Dumb Answer, Dumb AnswerBy todayinsingapore
When asked how the Government would deal with resentment over new citizens not having to do National Service (NS), Community Development, Youth and Sports Minister Vivian Balakrishnan gave this non-answer: “I don’t want to get into the technical and operational and security reasons as to why we don’t enlist them for NS, but the point is that their children will do NS and that their children should be indistinguishable from our children in their accents, hopes, aspirations, obligations and duties to our nation.”
This must be the most blatant affront to the people’s expectation of an elected representative – he refuses outright to give a response to a tabled query from a fellow parliamentarian. Oh, we forget, not all parliamentarians are created equal, some are paid more than others. Consider the atrocious excuses he gave for not doing his homework:
Technical reason: Is there a constitutional amendment hidden somewhere we have yet to be enlightened of? That new citizens are exempt from NS in perpetuity? When a bright lawyer once argued successfully in court it was illegal to exact tolls to enter the Central Business District (CBD) since the motorist had already paid taxes for usage of public roads, they simply rewrote the law. That’s the way they take care of a “technicality”.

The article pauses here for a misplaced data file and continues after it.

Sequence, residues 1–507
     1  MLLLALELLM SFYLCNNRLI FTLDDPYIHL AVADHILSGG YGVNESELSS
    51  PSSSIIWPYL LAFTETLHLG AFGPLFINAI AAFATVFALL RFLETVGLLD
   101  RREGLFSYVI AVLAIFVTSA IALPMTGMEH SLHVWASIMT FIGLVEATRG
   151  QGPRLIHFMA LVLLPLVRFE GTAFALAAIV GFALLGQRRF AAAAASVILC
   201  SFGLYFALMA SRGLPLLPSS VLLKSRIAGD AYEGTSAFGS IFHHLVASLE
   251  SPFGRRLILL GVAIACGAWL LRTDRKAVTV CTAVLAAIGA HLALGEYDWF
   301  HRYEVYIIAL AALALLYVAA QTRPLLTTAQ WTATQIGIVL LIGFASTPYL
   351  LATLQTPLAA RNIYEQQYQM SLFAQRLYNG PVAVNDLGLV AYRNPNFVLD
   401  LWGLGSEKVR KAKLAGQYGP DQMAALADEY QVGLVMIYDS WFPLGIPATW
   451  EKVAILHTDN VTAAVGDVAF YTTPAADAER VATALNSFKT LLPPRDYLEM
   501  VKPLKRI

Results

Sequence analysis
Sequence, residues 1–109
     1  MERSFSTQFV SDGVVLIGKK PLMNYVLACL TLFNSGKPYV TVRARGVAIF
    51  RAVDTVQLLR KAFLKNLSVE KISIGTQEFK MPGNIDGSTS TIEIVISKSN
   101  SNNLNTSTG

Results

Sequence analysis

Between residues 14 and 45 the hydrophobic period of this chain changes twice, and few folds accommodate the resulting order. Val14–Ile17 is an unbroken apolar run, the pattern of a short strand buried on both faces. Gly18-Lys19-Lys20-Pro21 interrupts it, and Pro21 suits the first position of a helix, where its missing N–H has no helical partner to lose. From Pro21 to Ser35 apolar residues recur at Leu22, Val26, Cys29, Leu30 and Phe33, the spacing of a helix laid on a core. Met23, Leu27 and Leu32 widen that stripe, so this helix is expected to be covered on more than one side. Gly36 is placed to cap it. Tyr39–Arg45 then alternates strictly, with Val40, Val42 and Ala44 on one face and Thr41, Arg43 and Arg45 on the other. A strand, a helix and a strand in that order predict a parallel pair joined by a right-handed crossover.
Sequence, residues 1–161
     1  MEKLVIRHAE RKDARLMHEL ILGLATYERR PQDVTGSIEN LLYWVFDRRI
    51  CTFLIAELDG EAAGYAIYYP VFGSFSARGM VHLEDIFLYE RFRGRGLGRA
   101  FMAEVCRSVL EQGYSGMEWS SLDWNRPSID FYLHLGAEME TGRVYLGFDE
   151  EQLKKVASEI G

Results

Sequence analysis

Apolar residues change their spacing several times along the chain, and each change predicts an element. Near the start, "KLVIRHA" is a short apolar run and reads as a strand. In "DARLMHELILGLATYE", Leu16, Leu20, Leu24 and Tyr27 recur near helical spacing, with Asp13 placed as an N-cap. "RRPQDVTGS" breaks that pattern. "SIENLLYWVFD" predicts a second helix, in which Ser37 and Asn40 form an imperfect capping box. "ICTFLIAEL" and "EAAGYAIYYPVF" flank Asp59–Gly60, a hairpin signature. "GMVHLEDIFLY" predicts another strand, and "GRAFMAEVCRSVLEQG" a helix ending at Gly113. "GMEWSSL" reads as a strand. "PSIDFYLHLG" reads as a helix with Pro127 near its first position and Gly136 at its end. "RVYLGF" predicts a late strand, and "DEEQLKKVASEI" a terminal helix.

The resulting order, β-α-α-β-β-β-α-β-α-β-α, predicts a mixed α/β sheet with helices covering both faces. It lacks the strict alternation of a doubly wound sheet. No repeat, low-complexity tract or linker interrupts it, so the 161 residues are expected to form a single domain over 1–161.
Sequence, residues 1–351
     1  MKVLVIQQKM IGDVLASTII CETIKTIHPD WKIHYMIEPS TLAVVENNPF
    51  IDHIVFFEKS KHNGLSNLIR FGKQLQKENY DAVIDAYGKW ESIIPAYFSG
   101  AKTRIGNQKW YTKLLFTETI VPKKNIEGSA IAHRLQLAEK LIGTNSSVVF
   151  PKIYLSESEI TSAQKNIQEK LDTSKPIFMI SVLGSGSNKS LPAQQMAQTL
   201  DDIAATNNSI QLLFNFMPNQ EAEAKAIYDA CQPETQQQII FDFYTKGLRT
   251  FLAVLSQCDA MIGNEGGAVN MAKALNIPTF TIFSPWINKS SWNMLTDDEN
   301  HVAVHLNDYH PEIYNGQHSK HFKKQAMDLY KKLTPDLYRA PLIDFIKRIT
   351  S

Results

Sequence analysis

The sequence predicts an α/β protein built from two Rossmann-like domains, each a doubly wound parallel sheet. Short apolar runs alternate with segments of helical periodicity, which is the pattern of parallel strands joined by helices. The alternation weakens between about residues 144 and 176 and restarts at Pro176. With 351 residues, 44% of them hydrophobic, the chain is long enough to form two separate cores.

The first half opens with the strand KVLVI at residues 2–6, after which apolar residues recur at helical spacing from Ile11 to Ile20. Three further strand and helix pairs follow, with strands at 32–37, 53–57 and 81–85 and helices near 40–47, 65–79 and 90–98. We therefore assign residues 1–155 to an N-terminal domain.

Operational reason: Are we running out of training grounds? Pilots now have a home in Idaho to wear Tom Cruise sunglasses and fly around in their spanking new F-15s. Even India is providing facilities for our young men to soldier in realistic terrain, unlike our geographically challenged Tekong camp. Too bad the R&R there pales in comparison to the Pei-Toh district of Taiwan.
Security reason: Lee Kuan Yew told Charlie Rose that we have Ukranians serving in NS. So why should we be afraid of a potential Major Nidal Malik Hasan hiding in the ranks? Is he eying Wong Kan Seng’s job (and pay scale)?
Balakrishnan boasts that, over time, “their children should be indistinguishable from our children in their accents, hopes, aspirations, obligations and duties to our nation”. He conveniently skips the missed unemployment opportunities for Singapore men because their career advancement is handicapped by the disruptive in-camp training demands. Meanwhile, their NS obligation-free contemporaries jet around in their high profiled international marketing trips, invaluable exposure that lands them juicy careers like heading a major local bank. Citizenship is not an issue.
Perhaps the Minister chose to be reticent on a hot topic because he doesn’t want to be reminded how he shot his own foot shortly before the Government approved bar-top dancing:
“If you want to dance on a bar top, some of us will fall off that bar top. Some people will die as a result of liberalising bar-top dancing. Not just because they’ve fallen off the bar top, but because it’s usually a young girl with a short skirt who’s dancing on it, who may attract some insults from some other men. The boyfriend starts fighting. Some people will die.
Blood will be shed for liberalising the policy.” (Straits Times, 3 Oct 2001)